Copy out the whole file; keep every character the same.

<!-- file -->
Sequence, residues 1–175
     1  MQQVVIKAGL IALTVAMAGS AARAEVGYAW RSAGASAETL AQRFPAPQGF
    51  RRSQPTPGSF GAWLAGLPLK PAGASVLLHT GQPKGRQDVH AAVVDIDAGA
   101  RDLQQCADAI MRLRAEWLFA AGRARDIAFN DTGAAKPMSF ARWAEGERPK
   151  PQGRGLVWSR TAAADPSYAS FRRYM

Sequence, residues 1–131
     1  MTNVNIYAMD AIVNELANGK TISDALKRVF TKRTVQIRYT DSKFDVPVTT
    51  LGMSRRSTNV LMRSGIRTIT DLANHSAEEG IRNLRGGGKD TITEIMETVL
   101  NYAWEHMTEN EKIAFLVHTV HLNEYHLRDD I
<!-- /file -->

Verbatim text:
Sequence, residues 1–175
     1  MQQVVIKAGL IALTVAMAGS AARAEVGYAW RSAGASAETL AQRFPAPQGF
    51  RRSQPTPGSF GAWLAGLPLK PAGASVLLHT GQPKGRQDVH AAVVDIDAGA
   101  RDLQQCADAI MRLRAEWLFA AGRARDIAFN DTGAAKPMSF ARWAEGERPK
   151  PQGRGLVWSR TAAADPSYAS FRRYM

Sequence, residues 1–131
     1  MTNVNIYAMD AIVNELANGK TISDALKRVF TKRTVQIRYT DSKFDVPVTT
    51  LGMSRRSTNV LMRSGIRTIT DLANHSAEEG IRNLRGGGKD TITEIMETVL
   101  NYAWEHMTEN EKIAFLVHTV HLNEYHLRDD I